Topology and the Million-Dollar Poincare Conjecture

The question now is: Can we be certain that no matter how he climbs there will necessarily exist some instant between 6 a.m. and noon on the two days when the climber is at exactly the same elevation? (Answer below)

The Poincaré Conjecture

So, with these appetizers under our belts, we can proceed to Dunwoody's possible accomplishment.

Poincaré's conjecture says that a certain property of a sphere in space holds for higher-dimensional analogues of a sphere. To understand the property, imagine stretching a rubber band around an orange. We can contract this rubber band slowly, making sure it neither breaks nor loses contact with the surface of the orange. In this way we can shrink the rubber band to a point. We can't do this with a rubber band stretched around a doughnut (either around the hole or around the body).

The orange, but not the doughnut, is said to be "simply connected." Henri Poincaré, who, incidentally, almost discovered relativity theory before Einstein, was aware of the fact that a ball like an orange could be characterized by this property of simple connectivity. He wondered if this held true for balls in higher-dimensional space.

If Dunwoody's proof survives the vetting of other topologists, Poincaré can stop wondering and rest in peace. And with his million dollars, Dunwoody can buy doughnuts and oranges for all the world's topologists.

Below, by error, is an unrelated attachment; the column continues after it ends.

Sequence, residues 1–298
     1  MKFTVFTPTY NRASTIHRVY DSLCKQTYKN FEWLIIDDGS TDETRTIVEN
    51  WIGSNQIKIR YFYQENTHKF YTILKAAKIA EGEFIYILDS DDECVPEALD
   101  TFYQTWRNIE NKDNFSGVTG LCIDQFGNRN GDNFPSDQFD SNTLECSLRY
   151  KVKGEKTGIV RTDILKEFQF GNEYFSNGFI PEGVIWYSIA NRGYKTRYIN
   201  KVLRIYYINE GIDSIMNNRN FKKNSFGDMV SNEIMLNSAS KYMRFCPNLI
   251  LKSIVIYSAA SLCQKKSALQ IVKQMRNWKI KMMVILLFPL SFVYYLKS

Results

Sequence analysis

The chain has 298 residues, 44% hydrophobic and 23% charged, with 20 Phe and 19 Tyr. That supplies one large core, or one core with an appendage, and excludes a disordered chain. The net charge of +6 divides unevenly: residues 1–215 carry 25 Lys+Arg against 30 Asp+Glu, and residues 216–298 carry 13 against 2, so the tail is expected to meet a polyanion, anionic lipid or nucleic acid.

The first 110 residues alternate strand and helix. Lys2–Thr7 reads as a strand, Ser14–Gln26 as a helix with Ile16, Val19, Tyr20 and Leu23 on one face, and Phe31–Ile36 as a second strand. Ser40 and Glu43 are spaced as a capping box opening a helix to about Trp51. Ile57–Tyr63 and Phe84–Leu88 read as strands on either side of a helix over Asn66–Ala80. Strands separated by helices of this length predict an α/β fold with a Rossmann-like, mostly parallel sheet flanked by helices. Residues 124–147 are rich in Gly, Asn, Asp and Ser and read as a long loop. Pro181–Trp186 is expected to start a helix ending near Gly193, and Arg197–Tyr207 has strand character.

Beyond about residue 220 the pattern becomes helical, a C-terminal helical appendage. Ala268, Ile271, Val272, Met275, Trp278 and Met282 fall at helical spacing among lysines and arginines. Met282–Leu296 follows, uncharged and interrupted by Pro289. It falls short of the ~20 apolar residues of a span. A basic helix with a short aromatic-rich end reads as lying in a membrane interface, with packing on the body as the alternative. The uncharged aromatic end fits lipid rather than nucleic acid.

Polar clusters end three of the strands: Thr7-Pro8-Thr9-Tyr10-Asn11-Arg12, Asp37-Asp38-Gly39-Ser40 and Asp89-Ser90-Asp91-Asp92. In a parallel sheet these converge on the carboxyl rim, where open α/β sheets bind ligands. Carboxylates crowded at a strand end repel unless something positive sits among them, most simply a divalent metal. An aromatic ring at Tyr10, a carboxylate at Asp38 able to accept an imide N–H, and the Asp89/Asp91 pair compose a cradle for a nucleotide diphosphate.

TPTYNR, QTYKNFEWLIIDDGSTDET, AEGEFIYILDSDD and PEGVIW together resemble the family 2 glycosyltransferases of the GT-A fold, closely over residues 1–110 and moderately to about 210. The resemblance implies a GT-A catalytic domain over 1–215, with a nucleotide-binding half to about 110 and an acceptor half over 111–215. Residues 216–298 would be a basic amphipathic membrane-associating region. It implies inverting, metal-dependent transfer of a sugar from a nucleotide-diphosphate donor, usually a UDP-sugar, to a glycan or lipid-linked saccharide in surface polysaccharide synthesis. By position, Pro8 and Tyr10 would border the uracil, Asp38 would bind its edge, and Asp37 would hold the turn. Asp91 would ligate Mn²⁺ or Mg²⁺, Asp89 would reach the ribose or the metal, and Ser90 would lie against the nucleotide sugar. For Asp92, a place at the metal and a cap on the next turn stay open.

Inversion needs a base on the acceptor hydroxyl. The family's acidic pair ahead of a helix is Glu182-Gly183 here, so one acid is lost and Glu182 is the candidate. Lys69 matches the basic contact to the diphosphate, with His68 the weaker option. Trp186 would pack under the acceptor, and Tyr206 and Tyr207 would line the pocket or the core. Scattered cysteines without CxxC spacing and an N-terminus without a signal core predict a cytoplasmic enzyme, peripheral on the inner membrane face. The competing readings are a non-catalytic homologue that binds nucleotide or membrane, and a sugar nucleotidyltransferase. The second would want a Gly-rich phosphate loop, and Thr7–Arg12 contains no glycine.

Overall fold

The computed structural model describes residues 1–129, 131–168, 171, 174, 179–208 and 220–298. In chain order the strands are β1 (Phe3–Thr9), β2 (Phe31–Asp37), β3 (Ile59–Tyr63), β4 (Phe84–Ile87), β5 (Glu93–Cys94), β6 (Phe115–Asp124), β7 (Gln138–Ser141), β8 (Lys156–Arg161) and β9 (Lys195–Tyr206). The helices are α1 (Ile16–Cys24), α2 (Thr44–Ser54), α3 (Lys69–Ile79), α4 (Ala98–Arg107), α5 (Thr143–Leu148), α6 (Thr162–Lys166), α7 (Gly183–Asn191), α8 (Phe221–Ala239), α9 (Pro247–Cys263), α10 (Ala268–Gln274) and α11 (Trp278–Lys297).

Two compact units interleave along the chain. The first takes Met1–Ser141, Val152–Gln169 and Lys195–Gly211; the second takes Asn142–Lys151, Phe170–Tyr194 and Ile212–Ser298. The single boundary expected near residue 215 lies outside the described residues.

Answer to question: The answer is Yes, and the proof is vivid and convincing. Imagine the ascent and descent, exact in every detail, being made simultaneously by two climbers. One climber starts at the base and the other at the summit and they both begin their journeys at 6 a.m. of the same day mimicking what the original climber did on Monday and Tuesday, respectively. It's clear that these two climbers will pass each other going in opposite directions and at that instant their elevations will be the same. Since they're only re-enacting the original climber's ascent and descent, we can be certain that the original climber was at the same elevation at the same time on the two successive days.

Professor of mathematics at Temple University and adjunct professor of journalism at Columbia University, John Allen Paulos is the author of several best-selling books, including Innumeracy and A Mathematician Reads the Newspaper. His Who’s Counting? column on appears the first weekend of every month.

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